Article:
This article started as a look at dollar rares for Shadowmoor, but as I was looking at the list, I remembered a couple of rares that stood out to me as reflections on my beginnings in Magic. It made me long for the days where I could attack with giant tramply creatures. Nowadays it’s all hasty fliers – which is nice, don’t get me wrong! – and creature removal, and card advantage nonsense. I want to get back to my inner Timmy a little.
Make Them Remember You With A Dramatic Entrance
Dramatic Entrance ($1) is a card that makes me fondly recall my childhood. Well, my Magical childhood. My actual childhood had magic too, but it was more of the card trick variety. (I won a talent show in third grade with my act.) In any case, it was 1998 or â€˜99 or so, before the invention of the Internetz, or at least before Al Gore really popularized it, so there were very few resources out there if you were looking for deck ideas. Anything you read or heard about, it either came from the newsgroups or from the Dojo.
I was still a Timmy. I was still stuck in the Green mindset, which I would argue is where most new players start out. (It’s the â€˜bigger is better’ mentality.) So when Jamie Wakefield started talking about this deck that made giant Verdant Forces on turn 3, obviously my interest was piqued. The deck featured Natural Order as a way to get Verdant Forces into play early; after a few turns making tokens, usually an Overrun arrived to finish off the opponent.
Here’s the decklist:
Secret Force by Jamie Wakefield circa 1998-99
3 Elvish Lyrist
4 Fyndhorn Elves
4 Llanowar Elves
4 Spike Feeder
2 Spike Weaver
3 Uktabi Orangutan
3 Verdant Force
4 Wall of Roots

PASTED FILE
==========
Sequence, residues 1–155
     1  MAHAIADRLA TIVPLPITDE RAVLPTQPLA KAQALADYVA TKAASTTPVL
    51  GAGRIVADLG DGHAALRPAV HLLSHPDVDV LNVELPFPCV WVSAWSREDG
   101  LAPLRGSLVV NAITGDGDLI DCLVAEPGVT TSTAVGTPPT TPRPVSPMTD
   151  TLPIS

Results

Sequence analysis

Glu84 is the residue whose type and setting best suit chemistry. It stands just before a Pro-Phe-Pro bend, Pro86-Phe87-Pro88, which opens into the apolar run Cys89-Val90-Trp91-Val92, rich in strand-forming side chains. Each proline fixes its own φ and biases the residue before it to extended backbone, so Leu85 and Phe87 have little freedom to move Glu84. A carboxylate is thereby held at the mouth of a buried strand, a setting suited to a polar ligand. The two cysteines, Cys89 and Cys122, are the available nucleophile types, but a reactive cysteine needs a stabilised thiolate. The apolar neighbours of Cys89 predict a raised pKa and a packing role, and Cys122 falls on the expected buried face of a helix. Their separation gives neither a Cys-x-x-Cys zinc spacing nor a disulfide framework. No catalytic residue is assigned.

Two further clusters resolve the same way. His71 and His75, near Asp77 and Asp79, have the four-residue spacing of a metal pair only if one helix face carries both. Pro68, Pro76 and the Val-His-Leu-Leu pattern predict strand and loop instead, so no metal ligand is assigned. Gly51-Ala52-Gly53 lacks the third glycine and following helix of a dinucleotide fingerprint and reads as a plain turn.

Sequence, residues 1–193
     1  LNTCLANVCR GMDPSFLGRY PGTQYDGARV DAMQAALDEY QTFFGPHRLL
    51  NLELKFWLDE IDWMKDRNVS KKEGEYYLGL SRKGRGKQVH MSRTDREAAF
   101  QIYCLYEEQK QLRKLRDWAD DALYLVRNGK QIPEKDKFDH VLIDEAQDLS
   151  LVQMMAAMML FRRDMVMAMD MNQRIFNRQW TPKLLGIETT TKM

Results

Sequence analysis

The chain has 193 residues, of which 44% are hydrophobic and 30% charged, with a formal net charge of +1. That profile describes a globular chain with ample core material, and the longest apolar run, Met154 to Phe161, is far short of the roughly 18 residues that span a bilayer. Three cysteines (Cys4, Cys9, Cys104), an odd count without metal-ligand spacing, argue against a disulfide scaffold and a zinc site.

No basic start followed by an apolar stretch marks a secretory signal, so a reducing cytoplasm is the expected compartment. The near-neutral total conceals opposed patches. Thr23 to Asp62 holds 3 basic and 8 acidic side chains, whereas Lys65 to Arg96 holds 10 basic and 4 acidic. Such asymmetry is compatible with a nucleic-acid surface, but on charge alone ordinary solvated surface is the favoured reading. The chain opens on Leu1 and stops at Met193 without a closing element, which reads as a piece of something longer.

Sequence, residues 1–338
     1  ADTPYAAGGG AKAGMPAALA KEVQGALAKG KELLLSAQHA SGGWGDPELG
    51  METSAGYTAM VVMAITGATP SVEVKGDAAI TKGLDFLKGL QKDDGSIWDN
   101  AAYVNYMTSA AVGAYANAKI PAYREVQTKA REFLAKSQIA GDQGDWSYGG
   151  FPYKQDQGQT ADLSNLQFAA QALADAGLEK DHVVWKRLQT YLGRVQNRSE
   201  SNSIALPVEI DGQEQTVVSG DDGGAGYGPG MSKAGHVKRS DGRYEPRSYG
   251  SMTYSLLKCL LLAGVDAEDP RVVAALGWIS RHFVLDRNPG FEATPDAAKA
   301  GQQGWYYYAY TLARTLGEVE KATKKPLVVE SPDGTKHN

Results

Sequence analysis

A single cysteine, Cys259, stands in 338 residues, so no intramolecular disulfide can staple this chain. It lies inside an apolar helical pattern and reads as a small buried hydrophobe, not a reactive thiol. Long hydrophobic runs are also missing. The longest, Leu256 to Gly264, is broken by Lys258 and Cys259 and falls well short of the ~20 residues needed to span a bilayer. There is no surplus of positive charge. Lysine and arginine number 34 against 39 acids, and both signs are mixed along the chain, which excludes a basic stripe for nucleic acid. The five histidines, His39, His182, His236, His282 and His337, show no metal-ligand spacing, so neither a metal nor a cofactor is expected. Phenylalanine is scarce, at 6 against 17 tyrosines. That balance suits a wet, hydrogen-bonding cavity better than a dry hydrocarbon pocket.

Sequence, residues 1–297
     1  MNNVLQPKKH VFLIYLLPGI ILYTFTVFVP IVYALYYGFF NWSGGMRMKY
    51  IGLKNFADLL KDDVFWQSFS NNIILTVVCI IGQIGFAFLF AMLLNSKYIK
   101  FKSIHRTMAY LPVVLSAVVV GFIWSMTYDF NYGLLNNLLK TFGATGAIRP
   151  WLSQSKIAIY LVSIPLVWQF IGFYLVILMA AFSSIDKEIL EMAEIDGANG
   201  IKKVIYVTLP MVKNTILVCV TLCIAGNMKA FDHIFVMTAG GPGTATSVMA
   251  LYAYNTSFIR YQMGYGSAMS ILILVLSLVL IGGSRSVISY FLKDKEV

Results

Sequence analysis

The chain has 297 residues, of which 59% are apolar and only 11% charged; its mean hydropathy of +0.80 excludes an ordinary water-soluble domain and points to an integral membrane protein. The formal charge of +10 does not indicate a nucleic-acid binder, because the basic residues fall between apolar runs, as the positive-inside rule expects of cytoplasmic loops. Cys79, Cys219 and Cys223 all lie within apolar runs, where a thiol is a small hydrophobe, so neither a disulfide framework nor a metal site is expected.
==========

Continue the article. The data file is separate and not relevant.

4 Creeping Mold
4 Natural Order
3 Gaea’s Cradle
It’s actually 60 cards, which is odd for a Jamie Wakefield deck. In any event, I went out and bought the Natural Orders and the Verdant Forces and played this deck (and only this deck) for… a good long time. In fact, the next deck memory I have is of playing Counter-Rebels, so that should tell you something.
So when I first saw Dramatic Entrance, obviously my mind wandered back to those days of playing early giant Verdant Forces and longed to sleeve up the big Saproling-generating 7/7 …
Hey wait… they reprinted Verdant Force in Tenth Edition, didn’t they? And Overrun? And Wall of Roots and Spike Feeder are in Time Spiral? In fact, most of the cards in this decklist are available, or at least a functional replacement. You can replace the Fyndhorn Elves with Boreal Druids, giving you eight one-drop mana accelerators. You can replace Uktabi Orangutan with Viridian Shaman if you think you still want artifact destruction. Heck, we even have an Elvish Lyrist analogy in Elvish Hexhunter. It looks, my friends, like it’s time for a rebirth.
- 4 Llanowar Elves
- 3 Verdant Force
- 4 Spike Feeder
- 2 Viridian Shaman
- 4 Wall of Roots
- 4 Boreal Druid
- 1 Vorosh, the Hunter
- 3 Elvish Hexhunter
- 2 Rhys the Redeemed
Rare Cost Summary:
Verdant Force (4 x $2.50 = $10.00)
Rhys the Redeemed (2 x $2.50 = $5.00)
Vorosh, the Hunter (1 x $1.50 = $1.50)
Dramatic Entrance (4 x $1.00 = $4.00)
Besides the straight analogies, what did I change? I cut back on one Viridan Shaman (there just aren’t as many artifacts to destroy nowadays) for one Vorosh, the Hunter. Later versions of Secret Force would run Sliver Queen in the sideboard as another “Green” creature, and I think Vorosh is a great one to consider here. End-of-turn-3 Vorosh seems like it could be hard to deal with – the fact that he’s Terror-proof is just a nice side benefit to the 6/6 flying body, no wait, 12/12, no wait …
The two Spike Weavers became two Rhys the Redeemed. He comes down early enough to act as a virtual Fog, providing you with ground blockers until your bigger guys come online. He also has great synergy with Verdant Force (double those Saprolings!) and with the game-finishing Overrun.
I think you could make the Creeping Molds into Harmonizes. Alternately, you could go all-out land-destruction and change the Overruns (maybe?) into Mwonvuli Acid-Mosses. [What about Kitchen Finks for Spike Feeder? — Craig, intrigued]